CD: Okay, I guess I was thinking that we had gone at it quite a bit, both from the angle of philosophically what's wrong with that understanding and also gotten into what are the implications for revolutionary struggle, coming off of that. So I did think that we had gone at that sufficiently.
BA: Do you think we dealt enough with some of the political dimensions or the political expressions of it? In other words, I felt like we philosophically discussed that a lot...
CD: But not enough the political implications?
BA: In other words, what are the political implications of identity politics and how does it get posed against what we're talking about, against proletarian revolution? I thought maybe we could explore that a little bit more because when you were responding to what I said, you pointed out that people would say, "Okay, we're not saying nobody else can have an opinion about it but only people who experience this oppression can actually take responsibility for formulating and coming up with and bringing forth an answer to it." So that's sort of on the philosophical level, but it also leads up to the political level. Because there are political implications to that, you know what I mean? It seems to me the political implications are pretty reformist.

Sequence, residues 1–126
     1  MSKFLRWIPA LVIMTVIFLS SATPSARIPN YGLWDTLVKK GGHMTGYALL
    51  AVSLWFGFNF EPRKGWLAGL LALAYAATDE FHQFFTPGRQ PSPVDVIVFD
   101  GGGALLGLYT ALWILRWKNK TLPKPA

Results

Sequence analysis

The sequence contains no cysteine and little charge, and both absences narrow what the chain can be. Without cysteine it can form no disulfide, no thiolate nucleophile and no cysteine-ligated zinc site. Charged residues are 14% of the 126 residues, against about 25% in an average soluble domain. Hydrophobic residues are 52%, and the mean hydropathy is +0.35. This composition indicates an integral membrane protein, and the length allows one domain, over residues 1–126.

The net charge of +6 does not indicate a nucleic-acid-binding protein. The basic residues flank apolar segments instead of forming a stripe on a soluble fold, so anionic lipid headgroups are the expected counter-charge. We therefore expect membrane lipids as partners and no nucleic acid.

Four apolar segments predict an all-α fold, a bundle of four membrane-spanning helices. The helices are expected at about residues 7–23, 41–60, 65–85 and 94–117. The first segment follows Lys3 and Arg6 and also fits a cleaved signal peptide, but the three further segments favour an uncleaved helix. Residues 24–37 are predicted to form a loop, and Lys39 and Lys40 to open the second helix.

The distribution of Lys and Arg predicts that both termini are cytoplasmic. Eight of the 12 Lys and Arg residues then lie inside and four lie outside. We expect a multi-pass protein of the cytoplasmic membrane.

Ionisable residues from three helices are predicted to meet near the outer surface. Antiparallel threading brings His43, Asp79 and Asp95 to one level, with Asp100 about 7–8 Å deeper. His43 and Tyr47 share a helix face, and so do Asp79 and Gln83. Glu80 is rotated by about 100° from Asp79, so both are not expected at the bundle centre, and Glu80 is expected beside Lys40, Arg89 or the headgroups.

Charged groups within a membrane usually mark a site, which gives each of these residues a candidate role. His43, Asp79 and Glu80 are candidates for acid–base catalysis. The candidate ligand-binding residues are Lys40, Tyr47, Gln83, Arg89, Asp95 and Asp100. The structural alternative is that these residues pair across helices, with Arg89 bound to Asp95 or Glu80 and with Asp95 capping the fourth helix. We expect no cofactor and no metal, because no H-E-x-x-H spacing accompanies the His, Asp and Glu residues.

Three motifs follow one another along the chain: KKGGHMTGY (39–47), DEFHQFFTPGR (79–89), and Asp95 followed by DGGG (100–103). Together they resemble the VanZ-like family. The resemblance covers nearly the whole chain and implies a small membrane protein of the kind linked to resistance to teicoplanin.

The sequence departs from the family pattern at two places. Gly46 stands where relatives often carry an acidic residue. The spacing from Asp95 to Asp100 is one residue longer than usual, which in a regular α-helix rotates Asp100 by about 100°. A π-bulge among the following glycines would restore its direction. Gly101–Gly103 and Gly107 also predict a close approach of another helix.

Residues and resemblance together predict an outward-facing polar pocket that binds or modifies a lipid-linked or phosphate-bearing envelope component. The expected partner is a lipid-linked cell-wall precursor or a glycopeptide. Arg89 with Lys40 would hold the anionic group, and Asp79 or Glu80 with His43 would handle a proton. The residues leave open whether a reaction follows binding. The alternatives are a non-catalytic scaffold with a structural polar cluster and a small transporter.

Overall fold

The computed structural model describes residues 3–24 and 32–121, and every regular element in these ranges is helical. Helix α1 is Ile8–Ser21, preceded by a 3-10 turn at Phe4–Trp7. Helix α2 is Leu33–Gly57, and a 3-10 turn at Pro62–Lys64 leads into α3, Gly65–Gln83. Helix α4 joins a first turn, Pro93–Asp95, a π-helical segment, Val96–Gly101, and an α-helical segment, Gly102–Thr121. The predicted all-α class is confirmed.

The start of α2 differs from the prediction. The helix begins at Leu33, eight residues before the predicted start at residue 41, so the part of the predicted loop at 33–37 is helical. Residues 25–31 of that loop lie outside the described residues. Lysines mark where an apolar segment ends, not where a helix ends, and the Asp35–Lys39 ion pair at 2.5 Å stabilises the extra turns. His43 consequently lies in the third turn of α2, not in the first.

In other words, we talked a bit about how this would wall off each struggle--like you said...each from their own little castle could reach out to others, but you couldn't really have the kind of broad unity we're talking about and you couldn't have any kind of objective basis for determining which program within each of these little spheres, walled-off spheres, would be correct or incorrect. And so it seemed to me that this involves the philosophical dimension but it also pushes right up against the political, because then how are you going to build a movement and how are you going to even know what's right and wrong in order to build the kind of movement that can actually make a revolution? And do the people who hold this view even think that a revolution is what they want or what's possible or desirable or whatever?